Southern California prices increase with supply constraints, and Northern California prices are mostly flat. The price at SoCal Citygate in Southern California increased 45¢ from $2.97/MMBtu last Wednesday to $3.42/MMBtu yesterday, and the average price for the week rose 18¢, from $3.02/MMBtu last report week to $3.20/MMBtu this report week. Midweek prices for next-day delivery reached $5.49/MMBtu on March 13, 2018. On this same day, Southern California Gas Company (SoCalGas) issued a critical notice that demand in Southern California was expected to increase with colder weather. Pipeline capacity through a key delivery corridor (the Southern Zone) was limited to 900 million cubic feet per day (MMcf/d) until further notice because of maintenance. At times of increased demand, this zone typically accounts for flows greater than 1,000 MMcf/d.

Prices at PG&E Citygate in Northern California were mostly flat and fell 3¢, from $2.86/MMBtu last Wednesday to $2.83/MMBtu yesterday. Average prices for the week increased 1¢, from $2.80/MMBtu last report week to $2.81 this report week.

Northeast prices mostly rise with colder weather. At the Algonquin Citygate, which serves Boston-area consumers, prices went up $1.65 from $4.20/MMBtu last Wednesday to $5.85/MMBtu yesterday, while the average price for the week rose $1.01/MMBtu, from $3.18/MMBtu last report week to $4.19/MMBtu this report week. At the Transcontinental Pipeline Zone 6 trading point for New York, prices decreased 26¢ from $3.09/MMBtu last Wednesday to $2.83/MMBtu yesterday, but the average price for the week increased by 19¢, from $2.79/MMBtu last report week to $2.98/MMBtu this report week. Average temperatures for the week throughout the Northeast were colder this report week compared with the last report week.

Appalachian prices rise. Tennessee Zone 4 Marcellus spot prices increased 13¢ from $2.26/MMBtu last Wednesday to $2.39/MMBtu yesterday, and the average price for the week increased by 27¢, from $2.12/MMBtu last report week to $2.40/MMBtu this report week. Prices at Dominion South in northwest Pennsylvania rose 18¢ from $2.30/MMBtu last Wednesday to $2.48/MMBtu yesterday, and the average price for the week rose 27¢, from $2.20/MMBtu last report week to $2.46/MMBtu this report week. Both hubs have been trading at a discount to the Henry Hub price. However, with increased demand from colder weather this week, the discount narrowed at both hubs this report week compared with last report week.

Nymex prices fall. At the Nymex, the price of the April 2018 contract decreased 5¢, from $2.777/MMBtu last Wednesday to $2.731/MMBtu yesterday. The price of the 12-month strip averaging April 2018 through March 2019 futures contracts declined 2¢ to $2.912/MMBtu.

Canadian imports drive supply increases. According to data from PointLogic Energy, the average total supply of natural gas rose by 1% compared with the previous report week. Dry natural gas production remained constant week over week. Average net imports from Canada increased by 13% from last week.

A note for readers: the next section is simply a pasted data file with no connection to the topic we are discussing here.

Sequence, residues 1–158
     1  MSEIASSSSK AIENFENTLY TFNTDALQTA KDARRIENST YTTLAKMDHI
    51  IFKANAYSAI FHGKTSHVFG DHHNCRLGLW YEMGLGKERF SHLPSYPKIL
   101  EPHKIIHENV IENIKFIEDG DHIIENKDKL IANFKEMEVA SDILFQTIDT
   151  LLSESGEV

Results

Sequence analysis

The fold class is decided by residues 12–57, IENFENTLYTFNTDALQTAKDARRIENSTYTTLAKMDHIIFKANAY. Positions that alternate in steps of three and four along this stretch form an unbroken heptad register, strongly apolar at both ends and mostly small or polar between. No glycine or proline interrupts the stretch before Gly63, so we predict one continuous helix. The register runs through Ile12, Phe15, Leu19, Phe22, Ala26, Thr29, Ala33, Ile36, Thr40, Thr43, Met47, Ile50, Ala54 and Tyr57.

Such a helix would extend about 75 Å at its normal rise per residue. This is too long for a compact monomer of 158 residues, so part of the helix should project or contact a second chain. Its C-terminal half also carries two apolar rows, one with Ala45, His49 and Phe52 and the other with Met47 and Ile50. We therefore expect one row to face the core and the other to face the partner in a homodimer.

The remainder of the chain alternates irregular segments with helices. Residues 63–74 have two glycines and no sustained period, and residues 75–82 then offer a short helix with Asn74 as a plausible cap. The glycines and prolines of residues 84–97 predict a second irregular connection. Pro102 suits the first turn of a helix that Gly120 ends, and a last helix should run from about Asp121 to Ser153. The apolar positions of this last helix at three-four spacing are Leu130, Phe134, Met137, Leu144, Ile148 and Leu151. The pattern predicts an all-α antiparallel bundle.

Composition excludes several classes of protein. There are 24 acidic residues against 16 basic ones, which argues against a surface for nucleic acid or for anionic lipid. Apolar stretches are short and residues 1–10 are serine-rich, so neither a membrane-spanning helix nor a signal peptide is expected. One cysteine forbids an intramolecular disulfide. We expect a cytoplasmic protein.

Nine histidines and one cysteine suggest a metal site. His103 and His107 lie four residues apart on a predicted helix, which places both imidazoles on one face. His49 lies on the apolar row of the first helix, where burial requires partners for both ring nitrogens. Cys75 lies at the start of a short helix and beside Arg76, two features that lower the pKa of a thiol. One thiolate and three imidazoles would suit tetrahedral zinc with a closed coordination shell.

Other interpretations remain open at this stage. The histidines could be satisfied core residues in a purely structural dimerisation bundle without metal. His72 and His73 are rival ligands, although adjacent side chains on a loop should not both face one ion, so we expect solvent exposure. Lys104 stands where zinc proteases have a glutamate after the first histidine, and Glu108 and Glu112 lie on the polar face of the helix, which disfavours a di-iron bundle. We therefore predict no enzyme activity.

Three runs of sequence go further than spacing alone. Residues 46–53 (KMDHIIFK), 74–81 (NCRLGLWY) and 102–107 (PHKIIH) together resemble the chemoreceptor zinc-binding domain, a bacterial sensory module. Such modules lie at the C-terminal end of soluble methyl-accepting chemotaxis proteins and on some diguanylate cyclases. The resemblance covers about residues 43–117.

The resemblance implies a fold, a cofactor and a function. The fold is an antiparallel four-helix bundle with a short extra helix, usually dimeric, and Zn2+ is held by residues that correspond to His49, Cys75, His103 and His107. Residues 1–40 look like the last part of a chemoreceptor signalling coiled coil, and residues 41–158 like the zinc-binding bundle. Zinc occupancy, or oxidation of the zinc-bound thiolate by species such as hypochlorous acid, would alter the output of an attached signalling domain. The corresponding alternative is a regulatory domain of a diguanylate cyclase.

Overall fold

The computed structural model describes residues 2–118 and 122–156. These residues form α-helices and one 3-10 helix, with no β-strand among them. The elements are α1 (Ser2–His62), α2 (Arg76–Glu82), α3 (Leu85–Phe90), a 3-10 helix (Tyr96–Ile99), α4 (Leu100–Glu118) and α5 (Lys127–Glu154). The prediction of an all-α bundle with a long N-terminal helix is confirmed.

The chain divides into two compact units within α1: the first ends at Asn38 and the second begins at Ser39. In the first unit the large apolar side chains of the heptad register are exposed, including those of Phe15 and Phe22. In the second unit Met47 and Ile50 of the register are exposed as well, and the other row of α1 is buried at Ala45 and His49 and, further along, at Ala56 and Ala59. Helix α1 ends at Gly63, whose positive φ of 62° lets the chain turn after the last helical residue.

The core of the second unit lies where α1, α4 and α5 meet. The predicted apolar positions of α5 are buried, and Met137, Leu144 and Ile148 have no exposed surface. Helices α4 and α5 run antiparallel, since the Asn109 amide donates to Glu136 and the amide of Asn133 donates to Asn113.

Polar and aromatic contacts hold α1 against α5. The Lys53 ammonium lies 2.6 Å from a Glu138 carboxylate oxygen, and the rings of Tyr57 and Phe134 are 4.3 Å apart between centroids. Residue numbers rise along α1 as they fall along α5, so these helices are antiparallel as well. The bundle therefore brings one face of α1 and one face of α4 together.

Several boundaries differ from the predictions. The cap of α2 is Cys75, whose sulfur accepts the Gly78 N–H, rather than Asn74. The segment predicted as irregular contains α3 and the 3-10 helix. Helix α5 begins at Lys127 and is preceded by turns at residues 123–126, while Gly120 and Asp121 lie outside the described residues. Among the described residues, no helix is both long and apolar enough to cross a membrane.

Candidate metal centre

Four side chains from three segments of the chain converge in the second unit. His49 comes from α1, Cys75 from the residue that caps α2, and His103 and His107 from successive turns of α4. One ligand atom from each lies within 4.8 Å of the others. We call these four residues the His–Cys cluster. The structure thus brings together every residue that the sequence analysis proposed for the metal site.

Consumption in end-use demand sectors increases. With colder temperatures in many parts of the Lower 48 states, total U.S. consumption of natural gas rose by 5% compared with the previous report week, according to data from PointLogic Energy. Natural gas consumed for power generation climbed by 4% week over week. Industrial sector consumption increased by 2% week over week. In the residential and commercial sectors where natural gas use for space heating is common, consumption increased by 9%. Natural gas exports to Mexico decreased 1%.

U.S. liquefied natural gas (LNG) exports decrease week over week. Four vessels (LNG-carrying capacity 14.8 Bcf) departed the Sabine Pass liquefaction facility from March 8 to March 14. Two vessels (combined LNG-carrying capacity 7.5 Bcf) were loading at the terminal on Wednesday.

Dominion Energy Cove Point facility loaded its first cargo on March 1. This cargo is now headed to the Dragon LNG import terminal in the United Kingdom after being redirected in the middle of the Atlantic from heading to South America or the Cape of Good Hope, according to Bloomberg ship tracking data. A cold spell in Europe at the end of February-early March led to high natural gas consumption and a record-low level of natural gas in storage in the U.K., which was also affected by reduced storage capacity after the Rough storage facility was taken offline. Spot prices at the National Balancing Point (NBP) in the U.K. spiked to $31.68/MMBtu on March 1, the highest on record, and averaged $10.62/MMBtu in the first two weeks of March. In comparison, NBP spot prices averaged $7.71/MMBtu in the winter months of 2017-18 (December through February) and $6.27/MMBtu in the winter of 2016-17. A second vessel is en route to the Cove Point terminal and is scheduled to arrive on April 9, according to Bloomberg ship tracking data.

more price data

Storage:

Working gas net withdrawals are 4 Bcf lower than the five-year average. Net withdrawals from storage totaled 93 Bcf for the week ending March 9, compared with the five-year (2013–17) average net withdrawal of 97 Bcf and last year's net withdrawals of 55 Bcf during the same week. Working gas stocks totaled 1,532 Bcf, which is 296 Bcf lower than the five-year average and 718 Bcf lower than last year at this time.